Re:Good (4, Informative)

Anonymous Coward | more than 2 years ago | (#39099913)

Typically when you buy worldwide rights, it applies to the entire world, no?

http://www.reuters.com/article/2012/02/15/us-apple-proview-idUSTRE81E0BE20120215 [reuters.com]

I would think if Proview has an issue, then they need to speak to whoever was claiming to own the worldwide rights to the trademark, rather than Apple. Claiming they were developing a 'similar' technology in 2000 with absolutely nothing to show for the last 12 years is a stretch in the best of cases, where their current financial situation would more likely imply that they are simply trolling trying to stay afloat given they are already going under.

By all means though, post without telling the whole story...

Re:Good (5, Insightful)

erroneus (253617) | more than 2 years ago | (#39099933)

The issue is whether the Taiwan operations had the right to sell to Apple. China believes they didn't. It's kind of like the SCO ownership of Unix... they didn't.

Re:Good (2)

john82 (68332) | more than 2 years ago | (#39100625)

More likely, the PRC govt has determined that Taiwan (whom they view as a renegade province) should not dictate T&C to ANY entity of the PRC. Ergo, the sale of such an asset by company operating in Taiwan would BY DEFAULT have no bearing in the PRC.

Re:Good (0)

Anonymous Coward | more than 2 years ago | (#39100375)

I would think if Proview has an issue, then they need to speak to whoever was claiming to own the worldwide rights to the trademark, rather than Apple.

No. Absolutely wrong. If someone sells your car without any right to do so then, yes, the seller is the person who is in the wrong but, no, it is not the actual owner who loses out. If Apple bought the Golden Gate bridge or a trademark or whatever from someone who didn't have the right to sell it then that isn't a problem that the actual owner has to sort out.

Re:Good (3, Informative)

CowTipperGore (1081903) | more than 2 years ago | (#39100759)

If you post a URL that doesn't even support your claim, you'll get modded up? Your link simply tells us that Apple says their front company bought the worldwide rights, which we already know they claim.

It seems there are two options here:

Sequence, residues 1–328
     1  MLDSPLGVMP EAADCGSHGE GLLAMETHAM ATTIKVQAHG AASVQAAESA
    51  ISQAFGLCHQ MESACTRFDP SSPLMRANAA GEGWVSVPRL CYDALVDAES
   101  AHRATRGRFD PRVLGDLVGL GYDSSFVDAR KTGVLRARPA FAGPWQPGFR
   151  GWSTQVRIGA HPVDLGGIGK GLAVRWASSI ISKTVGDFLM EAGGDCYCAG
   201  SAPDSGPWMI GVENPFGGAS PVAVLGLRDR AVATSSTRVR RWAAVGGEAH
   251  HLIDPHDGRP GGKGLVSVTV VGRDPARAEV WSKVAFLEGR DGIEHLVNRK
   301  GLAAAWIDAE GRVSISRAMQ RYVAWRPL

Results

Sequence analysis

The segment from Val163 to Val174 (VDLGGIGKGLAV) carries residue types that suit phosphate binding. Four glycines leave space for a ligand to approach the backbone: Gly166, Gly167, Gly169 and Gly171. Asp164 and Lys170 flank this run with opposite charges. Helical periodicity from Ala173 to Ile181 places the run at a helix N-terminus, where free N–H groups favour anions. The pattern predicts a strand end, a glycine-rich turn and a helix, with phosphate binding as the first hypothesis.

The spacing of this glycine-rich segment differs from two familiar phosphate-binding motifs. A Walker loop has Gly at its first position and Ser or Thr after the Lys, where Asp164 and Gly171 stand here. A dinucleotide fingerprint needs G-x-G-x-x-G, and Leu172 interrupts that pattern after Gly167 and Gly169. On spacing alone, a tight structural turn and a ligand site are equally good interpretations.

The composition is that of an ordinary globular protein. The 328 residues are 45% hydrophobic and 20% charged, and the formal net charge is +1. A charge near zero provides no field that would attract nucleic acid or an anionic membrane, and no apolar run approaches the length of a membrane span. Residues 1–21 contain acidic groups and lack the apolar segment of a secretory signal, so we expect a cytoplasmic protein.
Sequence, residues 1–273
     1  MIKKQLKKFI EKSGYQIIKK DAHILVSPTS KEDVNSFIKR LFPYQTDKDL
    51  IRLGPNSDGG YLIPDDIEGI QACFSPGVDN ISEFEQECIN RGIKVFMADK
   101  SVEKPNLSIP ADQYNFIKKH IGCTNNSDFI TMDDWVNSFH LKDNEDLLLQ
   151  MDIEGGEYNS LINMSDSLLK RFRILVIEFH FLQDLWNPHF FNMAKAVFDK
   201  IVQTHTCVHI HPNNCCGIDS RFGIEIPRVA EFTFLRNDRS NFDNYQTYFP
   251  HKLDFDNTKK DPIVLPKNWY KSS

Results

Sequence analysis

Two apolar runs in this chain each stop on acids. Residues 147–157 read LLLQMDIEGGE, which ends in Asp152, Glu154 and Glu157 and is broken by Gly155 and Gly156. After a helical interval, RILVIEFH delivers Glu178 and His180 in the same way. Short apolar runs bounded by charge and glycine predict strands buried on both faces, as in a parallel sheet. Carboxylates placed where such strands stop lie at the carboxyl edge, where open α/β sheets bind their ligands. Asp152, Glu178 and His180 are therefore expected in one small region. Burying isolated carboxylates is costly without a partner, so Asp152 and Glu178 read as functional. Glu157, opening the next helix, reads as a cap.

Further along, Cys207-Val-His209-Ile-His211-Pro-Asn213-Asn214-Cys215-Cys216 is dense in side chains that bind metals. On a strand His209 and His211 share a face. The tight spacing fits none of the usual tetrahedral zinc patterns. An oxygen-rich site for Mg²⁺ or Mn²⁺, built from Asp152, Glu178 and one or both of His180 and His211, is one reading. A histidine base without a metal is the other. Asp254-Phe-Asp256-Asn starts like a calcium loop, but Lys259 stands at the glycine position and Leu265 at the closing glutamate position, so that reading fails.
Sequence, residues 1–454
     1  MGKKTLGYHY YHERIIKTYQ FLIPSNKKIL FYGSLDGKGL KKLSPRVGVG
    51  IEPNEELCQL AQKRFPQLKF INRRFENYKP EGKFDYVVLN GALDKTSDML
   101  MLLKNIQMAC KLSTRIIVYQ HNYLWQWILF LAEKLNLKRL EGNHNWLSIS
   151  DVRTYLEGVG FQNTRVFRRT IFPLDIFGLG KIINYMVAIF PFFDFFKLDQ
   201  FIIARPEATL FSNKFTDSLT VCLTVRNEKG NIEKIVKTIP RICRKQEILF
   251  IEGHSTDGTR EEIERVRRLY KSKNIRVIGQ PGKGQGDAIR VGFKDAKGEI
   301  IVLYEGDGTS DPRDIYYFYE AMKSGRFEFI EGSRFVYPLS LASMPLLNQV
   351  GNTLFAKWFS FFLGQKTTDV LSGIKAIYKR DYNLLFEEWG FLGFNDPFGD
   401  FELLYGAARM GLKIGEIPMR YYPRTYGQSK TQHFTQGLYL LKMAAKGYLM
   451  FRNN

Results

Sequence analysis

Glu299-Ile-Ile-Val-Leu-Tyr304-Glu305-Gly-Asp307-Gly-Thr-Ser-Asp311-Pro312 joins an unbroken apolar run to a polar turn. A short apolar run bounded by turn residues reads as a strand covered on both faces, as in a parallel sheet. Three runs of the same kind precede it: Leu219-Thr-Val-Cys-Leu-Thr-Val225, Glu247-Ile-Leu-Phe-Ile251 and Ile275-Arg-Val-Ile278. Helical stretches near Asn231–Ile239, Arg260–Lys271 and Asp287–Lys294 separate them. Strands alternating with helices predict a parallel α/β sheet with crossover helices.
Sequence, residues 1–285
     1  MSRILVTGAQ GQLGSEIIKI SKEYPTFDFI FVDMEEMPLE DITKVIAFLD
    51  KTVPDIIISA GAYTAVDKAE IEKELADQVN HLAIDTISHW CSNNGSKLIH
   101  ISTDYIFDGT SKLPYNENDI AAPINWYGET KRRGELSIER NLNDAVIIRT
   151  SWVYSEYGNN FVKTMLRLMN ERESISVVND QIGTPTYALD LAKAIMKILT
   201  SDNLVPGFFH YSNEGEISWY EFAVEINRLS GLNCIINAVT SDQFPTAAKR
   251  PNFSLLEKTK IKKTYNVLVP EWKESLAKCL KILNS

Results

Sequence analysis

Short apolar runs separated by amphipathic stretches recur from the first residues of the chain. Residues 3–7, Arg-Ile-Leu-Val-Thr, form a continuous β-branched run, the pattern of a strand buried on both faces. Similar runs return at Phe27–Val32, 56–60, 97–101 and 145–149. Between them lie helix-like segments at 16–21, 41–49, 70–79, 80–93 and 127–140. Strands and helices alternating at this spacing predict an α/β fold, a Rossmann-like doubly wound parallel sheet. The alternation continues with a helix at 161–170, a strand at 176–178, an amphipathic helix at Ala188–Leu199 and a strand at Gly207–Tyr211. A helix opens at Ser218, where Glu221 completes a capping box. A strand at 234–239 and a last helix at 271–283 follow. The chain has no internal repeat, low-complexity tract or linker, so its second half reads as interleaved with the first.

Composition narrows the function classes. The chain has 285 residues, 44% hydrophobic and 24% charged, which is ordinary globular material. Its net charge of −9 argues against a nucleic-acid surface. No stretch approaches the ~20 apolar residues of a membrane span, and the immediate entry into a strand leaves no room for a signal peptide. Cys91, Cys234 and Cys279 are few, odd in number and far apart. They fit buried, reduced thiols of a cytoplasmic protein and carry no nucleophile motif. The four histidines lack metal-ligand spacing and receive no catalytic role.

* Proview China is lying in a last-ditch effort to save their company
  * Apple and/or their front company didn't do their homework

Nothing in your link sheds any light on the issue.

Re:Good (2)

BasilBrush (643681) | more than 2 years ago | (#39100981)

It seems there are two options here:

    * Proview China is lying in a last-ditch effort to save their company
    * Apple and/or their front company didn't do their homework

I'm a betting man. I'd apply probabilities of 90% and 10% respectively if I was looking to bet on those options. We already know Proview is fucked. Their factories are closed down and their shares have been suspended from the stock exchange. They admit they're looking for an out of court settlement, whilst trying to push that by shopping around jurisdictions looking for injuctions. Which is the standard tactic of an IP troll.

Re:Good (1)

CowTipperGore (1081903) | more than 2 years ago | (#39101077)

It appears there is a third option - Proview is now claiming that Apple's front company agreed that the trademark would not be used to compete against them and that, while the technology is clearly different, Apple's iPad is loosely competing against Proview's IPAD. Unfortunately, most of the recent details around this are found only on Chinese media sites or John Paczkowski's blog on AllThingsD. Perhaps we'll know a bit more in a few days. In particular, who is Huy Yuan and did he really represent the Chinese Proview, as Apple claims?

Re:Good (0)

Anonymous Coward | more than 2 years ago | (#39101301)

Except for the fact that Proview indicates they have been working on a 'similar' idea since 2000, but have shown nothing to prove that this is really the case. If they really had been working on this the last 12 years, i would think that even a small company could have a prototype in more than a decade? They have shown nothing but a claim to a trademark which was sold to Apple.